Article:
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When first noticed in history, about 1650, they centered about Mille Lac and Leech Lake, toward the heads of the Mississippi, in central Minnesota, having their eastern frontier within a day's march of Lake Superior.

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While thus in custody Father Hennepin observed their customs, made some study of the language, baptized a child and attempted some religious instruction, explored a part of Minnesota, and discovered and named St. In 1683 Nicholas Perrot established a post at the mouth of the Wisconsin.

In 1689 he established Fort Perrot near the lower end of Lake Pepin, on the Minnesota side, the first post within the Sioux territory, and took formal possession of their country for France.

The boundaries of all that portion lying east of the Dakotas were defined by the great inter-tribal treaty of Prairie du Chien in 1825 and a supplemental treaty at the same place in 1830.

At this period the Minnesota region was held by the various Santee bands; Eastern Dakota and a small part of Iowa were claimed by the Yankton and their cousins the Yanktonai; while all the Sioux territory west of the Missouri was held by bands of the great Teton division, constituting three-fifths of the whole nation.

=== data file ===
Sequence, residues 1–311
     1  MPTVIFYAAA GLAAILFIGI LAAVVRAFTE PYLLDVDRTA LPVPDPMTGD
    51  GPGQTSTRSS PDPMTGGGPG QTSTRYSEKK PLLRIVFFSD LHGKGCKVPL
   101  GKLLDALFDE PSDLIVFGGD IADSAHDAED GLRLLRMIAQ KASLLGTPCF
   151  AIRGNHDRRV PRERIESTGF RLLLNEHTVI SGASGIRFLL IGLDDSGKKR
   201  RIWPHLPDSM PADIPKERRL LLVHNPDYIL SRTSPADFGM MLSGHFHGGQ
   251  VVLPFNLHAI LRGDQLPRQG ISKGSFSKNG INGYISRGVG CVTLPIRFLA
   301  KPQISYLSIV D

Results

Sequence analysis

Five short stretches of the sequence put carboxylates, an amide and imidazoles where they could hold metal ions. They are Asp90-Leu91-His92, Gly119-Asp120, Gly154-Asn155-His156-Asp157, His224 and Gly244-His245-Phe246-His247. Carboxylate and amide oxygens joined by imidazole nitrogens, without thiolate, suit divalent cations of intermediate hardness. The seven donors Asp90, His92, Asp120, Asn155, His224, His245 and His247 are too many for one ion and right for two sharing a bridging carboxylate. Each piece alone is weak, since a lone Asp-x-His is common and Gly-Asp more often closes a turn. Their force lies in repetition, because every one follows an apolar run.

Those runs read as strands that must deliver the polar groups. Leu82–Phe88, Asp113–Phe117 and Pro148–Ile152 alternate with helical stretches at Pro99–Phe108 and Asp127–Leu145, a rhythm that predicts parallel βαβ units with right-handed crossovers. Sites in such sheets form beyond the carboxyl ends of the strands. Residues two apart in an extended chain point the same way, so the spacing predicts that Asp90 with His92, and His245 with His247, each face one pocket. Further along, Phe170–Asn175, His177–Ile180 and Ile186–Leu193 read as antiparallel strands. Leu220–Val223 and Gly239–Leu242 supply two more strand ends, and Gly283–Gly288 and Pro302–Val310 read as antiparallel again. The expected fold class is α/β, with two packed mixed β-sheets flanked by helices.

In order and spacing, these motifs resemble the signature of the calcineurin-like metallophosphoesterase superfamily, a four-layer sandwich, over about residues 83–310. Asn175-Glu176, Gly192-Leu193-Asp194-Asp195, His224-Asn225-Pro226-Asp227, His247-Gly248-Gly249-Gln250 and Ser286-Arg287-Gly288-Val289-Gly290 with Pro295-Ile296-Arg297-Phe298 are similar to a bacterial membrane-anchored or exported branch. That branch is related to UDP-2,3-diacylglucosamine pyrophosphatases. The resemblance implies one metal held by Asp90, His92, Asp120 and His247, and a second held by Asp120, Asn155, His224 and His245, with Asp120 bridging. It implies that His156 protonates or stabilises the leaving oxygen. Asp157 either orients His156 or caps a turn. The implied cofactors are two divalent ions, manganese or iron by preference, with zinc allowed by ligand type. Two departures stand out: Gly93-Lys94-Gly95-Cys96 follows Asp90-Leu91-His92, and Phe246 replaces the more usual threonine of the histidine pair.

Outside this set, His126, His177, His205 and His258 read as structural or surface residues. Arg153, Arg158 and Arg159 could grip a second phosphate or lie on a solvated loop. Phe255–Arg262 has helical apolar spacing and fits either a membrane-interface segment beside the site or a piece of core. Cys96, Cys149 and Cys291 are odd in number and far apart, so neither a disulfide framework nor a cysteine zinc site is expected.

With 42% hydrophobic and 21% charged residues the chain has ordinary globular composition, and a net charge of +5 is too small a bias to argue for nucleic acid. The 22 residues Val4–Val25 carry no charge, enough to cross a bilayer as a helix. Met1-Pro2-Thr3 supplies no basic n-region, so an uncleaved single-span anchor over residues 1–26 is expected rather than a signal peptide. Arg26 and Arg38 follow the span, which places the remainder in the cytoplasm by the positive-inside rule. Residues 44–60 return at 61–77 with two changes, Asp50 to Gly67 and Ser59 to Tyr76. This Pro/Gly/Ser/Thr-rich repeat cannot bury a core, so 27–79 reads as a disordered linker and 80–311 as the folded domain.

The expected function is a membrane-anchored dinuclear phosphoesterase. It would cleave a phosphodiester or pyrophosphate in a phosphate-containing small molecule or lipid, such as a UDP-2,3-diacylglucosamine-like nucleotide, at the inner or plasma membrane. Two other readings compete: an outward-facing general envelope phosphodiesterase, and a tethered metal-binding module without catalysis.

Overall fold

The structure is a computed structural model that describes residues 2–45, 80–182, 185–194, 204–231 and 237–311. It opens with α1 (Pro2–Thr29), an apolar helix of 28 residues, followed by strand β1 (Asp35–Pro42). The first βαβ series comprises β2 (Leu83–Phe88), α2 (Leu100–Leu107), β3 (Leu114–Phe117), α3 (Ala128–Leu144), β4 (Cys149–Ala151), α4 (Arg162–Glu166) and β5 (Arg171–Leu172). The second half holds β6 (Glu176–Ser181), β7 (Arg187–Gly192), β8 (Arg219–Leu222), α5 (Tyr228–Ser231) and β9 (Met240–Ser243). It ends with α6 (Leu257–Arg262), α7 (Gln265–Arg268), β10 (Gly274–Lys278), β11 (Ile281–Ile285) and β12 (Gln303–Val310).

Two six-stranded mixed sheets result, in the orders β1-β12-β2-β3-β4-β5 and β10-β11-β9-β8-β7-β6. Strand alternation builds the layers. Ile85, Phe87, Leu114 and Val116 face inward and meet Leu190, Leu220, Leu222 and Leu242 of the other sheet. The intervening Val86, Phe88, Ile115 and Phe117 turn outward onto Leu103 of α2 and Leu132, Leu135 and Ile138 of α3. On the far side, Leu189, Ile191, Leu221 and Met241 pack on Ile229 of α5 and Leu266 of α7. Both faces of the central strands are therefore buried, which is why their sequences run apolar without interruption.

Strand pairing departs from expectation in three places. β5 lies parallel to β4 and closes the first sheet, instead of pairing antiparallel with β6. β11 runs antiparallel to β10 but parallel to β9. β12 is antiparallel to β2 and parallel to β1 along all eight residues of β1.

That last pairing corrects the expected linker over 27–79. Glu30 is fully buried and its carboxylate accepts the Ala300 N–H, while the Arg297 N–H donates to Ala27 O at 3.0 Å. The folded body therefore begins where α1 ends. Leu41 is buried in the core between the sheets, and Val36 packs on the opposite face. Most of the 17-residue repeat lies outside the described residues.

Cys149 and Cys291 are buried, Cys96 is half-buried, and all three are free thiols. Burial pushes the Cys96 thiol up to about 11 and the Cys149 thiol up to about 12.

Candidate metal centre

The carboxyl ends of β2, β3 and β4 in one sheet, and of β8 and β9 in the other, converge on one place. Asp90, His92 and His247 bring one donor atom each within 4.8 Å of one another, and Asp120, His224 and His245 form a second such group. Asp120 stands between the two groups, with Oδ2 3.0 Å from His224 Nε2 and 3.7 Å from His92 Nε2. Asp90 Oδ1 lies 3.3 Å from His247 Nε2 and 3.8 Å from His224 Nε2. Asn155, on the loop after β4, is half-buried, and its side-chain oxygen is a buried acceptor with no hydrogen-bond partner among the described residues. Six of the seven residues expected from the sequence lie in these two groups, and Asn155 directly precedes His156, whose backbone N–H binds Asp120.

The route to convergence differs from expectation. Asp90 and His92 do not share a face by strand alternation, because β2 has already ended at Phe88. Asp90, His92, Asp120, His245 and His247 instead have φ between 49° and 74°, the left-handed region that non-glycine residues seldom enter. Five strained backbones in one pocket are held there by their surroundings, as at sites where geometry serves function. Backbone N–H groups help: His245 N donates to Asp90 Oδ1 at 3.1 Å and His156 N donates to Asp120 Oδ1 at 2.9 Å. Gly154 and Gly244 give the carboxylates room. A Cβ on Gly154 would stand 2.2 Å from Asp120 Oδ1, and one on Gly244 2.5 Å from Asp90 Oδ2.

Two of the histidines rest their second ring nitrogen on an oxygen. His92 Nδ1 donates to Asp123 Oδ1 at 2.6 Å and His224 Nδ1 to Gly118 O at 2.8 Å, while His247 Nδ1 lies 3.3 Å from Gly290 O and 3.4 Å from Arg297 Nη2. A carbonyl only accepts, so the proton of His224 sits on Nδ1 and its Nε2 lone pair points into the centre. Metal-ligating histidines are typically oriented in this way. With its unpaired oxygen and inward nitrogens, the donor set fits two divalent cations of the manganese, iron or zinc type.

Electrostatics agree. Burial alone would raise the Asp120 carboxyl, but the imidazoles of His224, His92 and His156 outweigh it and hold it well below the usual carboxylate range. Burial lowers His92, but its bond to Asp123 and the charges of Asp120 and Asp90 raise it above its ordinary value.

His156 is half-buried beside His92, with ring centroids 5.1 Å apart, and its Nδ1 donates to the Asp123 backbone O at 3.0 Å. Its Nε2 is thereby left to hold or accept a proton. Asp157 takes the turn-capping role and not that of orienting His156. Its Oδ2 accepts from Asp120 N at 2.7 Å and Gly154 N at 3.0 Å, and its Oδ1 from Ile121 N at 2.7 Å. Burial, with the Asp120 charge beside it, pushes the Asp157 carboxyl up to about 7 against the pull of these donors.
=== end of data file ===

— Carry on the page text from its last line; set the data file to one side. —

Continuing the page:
The tribal war went on, but the Sioux kept friendship with the French traders, who by this time had reached the Mississippi.

In 1680 one of their war parties, descending the Mississippi against the Illinois, captured the Recollect Father Louis Hennepin with two companions and brought them to their villages at the head of the river, where they held them, more as guests than prisoners, until released on the arrival of the trader, Du Luth, in the fall.

On reaching the buffalo plains and procuring horses, supplemented soon thereafter by firearms, they rapidly overran the country to the west and southwest, crossing the Missouri perhaps about 1750, and continuing on to the Black Hills and the Platte until checked by the Pawnee, Crow, and other tribes.

At the beginning of treaty relations in 1805 they were the acknowledged owners of most of the territory extending from central Wisconsin, across the Mississippi and Missouri, to beyond the Black Hills, and from the Canada boundary to the North Platte, including all of Southern Minnesota, with considerable portions of Wisconsin and Iowa, most of North Dakota and South Dakota, Northern Nebraska, and much of Montana and Wyoming.

This ancient name is now obsolete, having been superseded by the modern Ojibwa term Buanag , of uncertain etymology.

They call themselves Dakota, Nakota, or Lakota, according to dialect, meaning "allies".

Fathers Allouez and Marquette, from their mission of St.

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